It would be easy to attribute WandaVision’s high viewership, critical success, and title as the most popular TV series in the world (at the time of research) to the 18-month-long drought Marvel fans experienced thanks to COVID-19-related filming and production delays. However, WandaVision departs from the cookie-cutter Marvel storytelling clichés, opting for a twisted mysterious version of The Truman Show and The Twilight Zone, wrapped in the dressings of a classic family sitcom show. The story follows two Avengers, Wanda Maximoff (Elizabeth Olsen) and Vision (Paul Bettany), after the events of Avengers: Endgame (2019). Suddenly, and without explanation, we find Vision alive once again, with the pair now married and living in an eerie pseudo-reality reminiscent of classic American sitcoms. Starting in the 1950s, each subsequent episode of the miniseries draws heavy inspiration from its respective hit family sitcom of that decade. Wanda and Vision attempt to adjust to suburban life despite their growing suspicions that something is seriously wrong with their new home.
While the show is Marvel’s biggest creative risk, Marvel’s first TV series still attempts to comment on society in ways that previous Marvel films have, including Iron Man, Black Panther, Thor Ragnarok, Captain America: The Winter Soldier, and Spider-Man: Homecoming. However, instead of commenting on the U.S. military-industrial complex, race, immigrants, the myth of American exceptionalism, or capitalism, WandaVision explores a topic close to everyone: trauma and grief.
On its surface, WandaVision is an ode to television history and family sitcoms; but in reality, WandaVision beautifully and painfully captures the way trauma and grief change who you are, and how you can’t change the past no matter how hard you try. Its creators discuss trauma in two ways: (1) through Wanda and the audience’s nostalgia for sitcoms as discussed in part one, and (2) through the sitcom format and filming techniques.
Note: Spoilers for season one of WandaVision. The article is also heavily inspired by Implicity Pretentious’ YouTube series about the connections between trauma, nostalgia, identity, imagination, and meaning.
What is Nostalgia and When/Why Do We Feel Nostalgic?
Nostalgia is “a sentimental longing or wistful affection for the past, typically for a period or place with happy personal associations.” There are many theories on why we feel nostalgic for “the good old days”’ and view the past with rose-colored glasses. Some experts view the psychological phenomenon as a mental weakness signifying fear of change and progress. Others view it as a form of escapism, a feeling people enjoy because it takes them away from reality and back to their youth. Recent studies suggest that reflecting nostalgically on the past is a common and healthy experience that helps people find the inspiration and confidence needed to move forward in life.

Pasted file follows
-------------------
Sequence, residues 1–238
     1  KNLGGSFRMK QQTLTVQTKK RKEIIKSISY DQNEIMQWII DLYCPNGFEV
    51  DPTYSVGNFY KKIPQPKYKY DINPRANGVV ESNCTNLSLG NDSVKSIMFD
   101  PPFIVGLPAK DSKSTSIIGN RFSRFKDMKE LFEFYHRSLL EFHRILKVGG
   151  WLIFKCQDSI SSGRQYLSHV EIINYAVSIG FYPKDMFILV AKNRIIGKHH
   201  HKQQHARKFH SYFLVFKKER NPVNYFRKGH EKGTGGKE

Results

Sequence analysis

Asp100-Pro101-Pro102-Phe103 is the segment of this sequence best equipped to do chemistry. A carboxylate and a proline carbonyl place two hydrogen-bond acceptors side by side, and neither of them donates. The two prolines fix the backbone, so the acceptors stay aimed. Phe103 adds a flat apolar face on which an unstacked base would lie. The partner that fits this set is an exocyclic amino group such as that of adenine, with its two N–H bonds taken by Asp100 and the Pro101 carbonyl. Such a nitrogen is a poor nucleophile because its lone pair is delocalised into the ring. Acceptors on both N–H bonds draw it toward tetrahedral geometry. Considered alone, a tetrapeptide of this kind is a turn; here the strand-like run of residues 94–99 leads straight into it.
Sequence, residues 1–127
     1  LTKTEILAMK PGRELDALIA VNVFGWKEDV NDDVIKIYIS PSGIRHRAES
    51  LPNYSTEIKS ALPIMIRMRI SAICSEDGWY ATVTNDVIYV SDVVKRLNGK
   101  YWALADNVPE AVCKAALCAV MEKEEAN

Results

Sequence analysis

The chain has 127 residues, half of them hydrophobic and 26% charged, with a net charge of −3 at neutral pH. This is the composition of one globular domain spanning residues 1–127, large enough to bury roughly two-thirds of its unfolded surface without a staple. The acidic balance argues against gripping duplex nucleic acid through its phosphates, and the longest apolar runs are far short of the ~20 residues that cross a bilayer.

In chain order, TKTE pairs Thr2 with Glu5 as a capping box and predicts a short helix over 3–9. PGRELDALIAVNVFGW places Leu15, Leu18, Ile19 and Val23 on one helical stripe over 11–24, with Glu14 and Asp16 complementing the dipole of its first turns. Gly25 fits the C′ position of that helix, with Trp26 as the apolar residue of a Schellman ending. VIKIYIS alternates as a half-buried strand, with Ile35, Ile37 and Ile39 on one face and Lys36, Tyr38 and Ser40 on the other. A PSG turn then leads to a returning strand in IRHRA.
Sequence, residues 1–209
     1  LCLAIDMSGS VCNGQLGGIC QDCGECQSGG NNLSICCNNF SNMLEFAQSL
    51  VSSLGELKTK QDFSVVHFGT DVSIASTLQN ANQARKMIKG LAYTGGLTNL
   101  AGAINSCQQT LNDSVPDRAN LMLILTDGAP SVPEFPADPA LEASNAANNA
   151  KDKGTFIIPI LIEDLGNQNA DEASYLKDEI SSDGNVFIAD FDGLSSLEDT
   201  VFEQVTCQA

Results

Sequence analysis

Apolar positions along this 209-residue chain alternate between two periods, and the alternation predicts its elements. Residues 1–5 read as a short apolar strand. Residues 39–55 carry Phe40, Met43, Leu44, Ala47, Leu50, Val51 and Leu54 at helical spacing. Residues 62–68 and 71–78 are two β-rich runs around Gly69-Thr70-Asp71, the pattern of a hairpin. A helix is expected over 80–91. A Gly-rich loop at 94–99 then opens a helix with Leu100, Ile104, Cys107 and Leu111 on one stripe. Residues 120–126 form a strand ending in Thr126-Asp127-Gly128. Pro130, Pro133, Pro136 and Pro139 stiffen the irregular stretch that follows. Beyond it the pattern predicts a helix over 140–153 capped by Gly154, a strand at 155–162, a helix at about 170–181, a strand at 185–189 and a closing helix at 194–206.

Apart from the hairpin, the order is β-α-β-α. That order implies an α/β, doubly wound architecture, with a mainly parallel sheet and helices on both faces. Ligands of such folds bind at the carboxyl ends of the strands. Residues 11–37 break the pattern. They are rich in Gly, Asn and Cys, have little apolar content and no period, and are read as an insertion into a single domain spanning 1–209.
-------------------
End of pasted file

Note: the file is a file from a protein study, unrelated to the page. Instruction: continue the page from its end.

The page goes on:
Regardless of which theory you believe, nostalgia does not cause stress. Instead, distress causes nostalgia. External cues such as seeing an old photo or remembering an old memory can trigger nostalgia. When it comes to internal psychological triggers, people tend to experience nostalgia in response to feeling sad, lonely, meaningless, and uncertain about where they are in life. In Wanda’s case, she experiences all four psychological triggers due to her soulmate, parents, and brother’s deaths.
Nostalgia and Identity
Nostalgia is centered around identity and memory. As Emily Keightley and Michael Pickering write in their book Mnemonic Imagination, “The remembering subject engages imaginatively with what is retained from the past and, moving across time, continuously rearranges the hotchpotch of experience into relatively coherent narrative structures, the varied elements of what is carried forward being given meaning by becoming emplotted into a discernible sequential pattern. It is that pattern which is central to the definition of who we are, how we have changed, and how we move forward.”
In other words, memories are units of meaning that compose our identity. They are like scenes from a movie for the reason that when they fit together, the scenes become one thematic story. Likewise, when we string memories together and process the past healthily, we can understand who we are, process the past, and imagine a future. We have a consistent story and sense of self-identity.
However, trauma acts as scissors on a film reel, forcing the individual to live with missing scenes. Trauma breaks up the continuity and cohesive story. The cohesive story shapes one’s self-identity too. Therefore, trauma also destroys self-identity. The life of a traumatized individual is unconsciously directed backward, and you are stuck in a never-ending cycle between yearning for a rose-colored past that never existed, but at the same time unable to move forward because of those “missing scenes.”
Wanda has experienced this non-continuous story. Her life is defined by the traumatic events that cut up her life and interrupted any opportunity for self-growth or identity formation. To survive so far, she has defined herself in relation to others, whether it be a daughter, sister, team member, or partner. However, in WandaVision she has lost all of those identities and has no sense of self or purpose in the world.
The Past is a Story
To make matters worse, another common problem with nostalgia is that a nostalgic person is often reflecting on a time that does not exist. You see, the past is always perceived and colored by the present. You often don’t remember or downplay the bad experiences and feelings from the past. This is because past memories have time and relativity on their side. Past problems often always seem less stressful compared to the present problems because you aren’t dealing with them currently.